America’s Next Bill Clinton!


The reason I am a feminist.

At feminist conferences or during the first few days of the new semester, often times I’d get the inevitable question of: “You’re a man, why do you care so much about women’s rights?”Often times, because I am at these events to network, exchange ideas and build for a political future, my answer is always something like: “Because it would be a profound and utter act of immorality for me to idly stand by as half of my fellow human population is being discriminated against.”When speaking to a woman of interest, the story of my passion for feminism is one that is based on my religious background: I grew up a Unitarian, and we didn’t know any differently.  

But just last night, I realized the very reason why I am a feminist, and I will, for as long as I live, devote my life to fighting for women’s rights. Coming home at around midnight, I heard yelling and screaming and two burley men in suits and ties wrestling down a man, and pointing guns at the apartment downstairs from me. It turned out the men were undercover police officers who staked out the area because they’d received a call of a suspicious person in our neighborhood, and had observed the intruder jump over the porch and break into my neighbor’s house. The undercovers yelled at me and told me to call my neighbor (a female) to get out of the house.

 When I made that phone call, she had already locked herself in her room and refused to open the door for the officers. It took some coaxing from my roommate for her to eventually open up. My neighbor, whom I’ll call Sue, is a single mother. When the intruder was trying to break in, the three-year-old child was sleeping on the couch and I was told that the intruder saw the child, too. Obviously, my neighbor is shaken. One of the reasons for this is we’d spoken a few days ago about how the screen door was taken down by the landlord, and when she raised the issue, she was told, “Look, if someone wants to rape you, a screen door isn’t going to help stop that.”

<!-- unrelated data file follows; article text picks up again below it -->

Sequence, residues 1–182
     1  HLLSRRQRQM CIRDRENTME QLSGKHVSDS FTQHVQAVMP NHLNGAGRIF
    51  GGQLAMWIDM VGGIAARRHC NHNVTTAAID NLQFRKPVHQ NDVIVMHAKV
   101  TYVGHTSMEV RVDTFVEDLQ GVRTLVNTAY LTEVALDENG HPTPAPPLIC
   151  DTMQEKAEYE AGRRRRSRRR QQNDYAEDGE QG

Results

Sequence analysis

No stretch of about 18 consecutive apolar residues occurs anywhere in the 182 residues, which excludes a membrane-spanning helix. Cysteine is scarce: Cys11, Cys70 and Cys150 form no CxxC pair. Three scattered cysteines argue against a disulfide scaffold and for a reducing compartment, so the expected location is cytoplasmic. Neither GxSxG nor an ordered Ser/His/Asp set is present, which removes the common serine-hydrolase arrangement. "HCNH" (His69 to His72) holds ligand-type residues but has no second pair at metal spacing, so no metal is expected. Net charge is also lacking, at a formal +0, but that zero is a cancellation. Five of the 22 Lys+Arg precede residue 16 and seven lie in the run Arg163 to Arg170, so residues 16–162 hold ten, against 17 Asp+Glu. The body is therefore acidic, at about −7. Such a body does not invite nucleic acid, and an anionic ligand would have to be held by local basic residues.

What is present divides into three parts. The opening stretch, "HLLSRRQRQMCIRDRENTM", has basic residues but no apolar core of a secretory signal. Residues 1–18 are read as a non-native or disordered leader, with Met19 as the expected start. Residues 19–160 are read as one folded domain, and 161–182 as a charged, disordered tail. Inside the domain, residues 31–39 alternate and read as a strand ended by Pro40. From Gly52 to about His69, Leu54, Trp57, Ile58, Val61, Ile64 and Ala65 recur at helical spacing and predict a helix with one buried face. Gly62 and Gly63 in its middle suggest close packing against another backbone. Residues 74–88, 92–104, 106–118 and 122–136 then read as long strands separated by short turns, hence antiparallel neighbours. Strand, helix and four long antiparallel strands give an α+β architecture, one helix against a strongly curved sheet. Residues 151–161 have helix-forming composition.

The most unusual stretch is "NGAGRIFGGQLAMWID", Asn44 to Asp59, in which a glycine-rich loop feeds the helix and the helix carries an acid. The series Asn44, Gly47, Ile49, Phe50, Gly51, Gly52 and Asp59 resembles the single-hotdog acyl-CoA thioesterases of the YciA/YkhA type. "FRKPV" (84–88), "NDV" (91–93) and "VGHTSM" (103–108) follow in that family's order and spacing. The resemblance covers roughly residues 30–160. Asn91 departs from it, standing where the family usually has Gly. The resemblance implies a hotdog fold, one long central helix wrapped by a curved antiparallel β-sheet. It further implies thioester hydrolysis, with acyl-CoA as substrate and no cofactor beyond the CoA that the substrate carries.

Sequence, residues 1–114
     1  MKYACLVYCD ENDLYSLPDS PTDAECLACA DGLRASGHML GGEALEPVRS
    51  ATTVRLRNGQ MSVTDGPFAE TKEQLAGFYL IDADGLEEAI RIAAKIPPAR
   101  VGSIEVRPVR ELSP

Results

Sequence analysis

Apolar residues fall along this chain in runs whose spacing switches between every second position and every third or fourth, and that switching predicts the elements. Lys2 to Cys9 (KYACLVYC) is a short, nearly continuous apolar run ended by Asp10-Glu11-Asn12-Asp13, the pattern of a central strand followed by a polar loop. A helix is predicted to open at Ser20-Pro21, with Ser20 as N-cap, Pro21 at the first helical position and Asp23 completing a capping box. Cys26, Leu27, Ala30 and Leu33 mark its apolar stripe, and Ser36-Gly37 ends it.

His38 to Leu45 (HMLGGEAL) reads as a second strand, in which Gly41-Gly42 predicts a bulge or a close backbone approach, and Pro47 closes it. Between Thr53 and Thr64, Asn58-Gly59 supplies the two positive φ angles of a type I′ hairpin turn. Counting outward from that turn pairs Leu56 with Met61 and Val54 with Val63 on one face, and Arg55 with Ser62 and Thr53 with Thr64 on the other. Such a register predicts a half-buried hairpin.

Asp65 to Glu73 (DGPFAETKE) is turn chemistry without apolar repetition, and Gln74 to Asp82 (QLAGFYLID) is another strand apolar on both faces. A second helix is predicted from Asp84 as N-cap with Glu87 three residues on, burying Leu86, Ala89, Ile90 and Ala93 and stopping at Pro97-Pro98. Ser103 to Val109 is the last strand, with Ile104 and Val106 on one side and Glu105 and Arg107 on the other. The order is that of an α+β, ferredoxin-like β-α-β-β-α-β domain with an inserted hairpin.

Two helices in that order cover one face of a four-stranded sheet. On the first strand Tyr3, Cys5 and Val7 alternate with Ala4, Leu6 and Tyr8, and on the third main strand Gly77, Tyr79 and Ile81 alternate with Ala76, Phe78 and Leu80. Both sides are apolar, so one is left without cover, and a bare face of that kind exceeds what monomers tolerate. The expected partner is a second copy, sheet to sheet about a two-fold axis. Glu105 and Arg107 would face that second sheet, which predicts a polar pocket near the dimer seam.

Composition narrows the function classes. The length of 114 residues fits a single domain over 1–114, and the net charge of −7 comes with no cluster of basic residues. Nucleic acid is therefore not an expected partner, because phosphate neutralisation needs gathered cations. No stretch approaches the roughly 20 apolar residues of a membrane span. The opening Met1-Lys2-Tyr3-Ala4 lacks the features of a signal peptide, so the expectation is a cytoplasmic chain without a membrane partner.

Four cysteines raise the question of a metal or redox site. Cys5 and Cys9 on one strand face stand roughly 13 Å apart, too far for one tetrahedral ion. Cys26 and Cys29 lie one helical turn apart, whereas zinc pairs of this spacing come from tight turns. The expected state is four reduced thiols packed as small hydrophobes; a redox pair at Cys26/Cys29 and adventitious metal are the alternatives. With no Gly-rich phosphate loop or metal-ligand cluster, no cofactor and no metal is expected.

It upsets me. It upsets me that the landlord passes off her concerns about being raped as just a trivial matter, and that those who truly are concerns about women’s lives and experiences don’t have the means to change things.  It upsets me that the patriarchy still exists, and the ruling class has no knowledge or concerns for women issues. It upsets me even more that in America, in 2007, women are still having to worry about certain acts of violence directed toward them, just because they are women.

 It upsets me that women have to live in fear for their livelihood, and are treated differently simply because of the nature of their biology. More over, it upsets me that we still need feminism in 2007 here in the most powerful and supposedly progressive nation on earth.  

For me, feminism isn’t sexy. It’s not supposed to be a good time. It’s not supposed to be enjoyable. It should be fought with vigor and passion – the same passion that’s devoted to fighting terrorism. After all, sexism is a form of terrorism.

 As a pro-feminist male, my fight for feminism isn’t about earning the attention or affection of women. It’s not about getting laid for standing up to fight for women. For an aspiring politician, it shouldn’t be able earning votes or tapping into a certain group of voters.

I fight for feminism because the world isn’t fair. I fight for feminism because gender terrorism still exists. I fight for feminism because I know I wouldn’t like to be marginalized and harmed, objectified and trivialized, simply because of my gender. In short, I fight for feminism because of this reason: because I believe while we were all born very differently, some with more strengths and intelligence than others, we should all we treated the same. We may not have been born equal and into the same situation, but we all should be recognized equally, based on our individual worth and dignity, and not on the body parts nature has given us.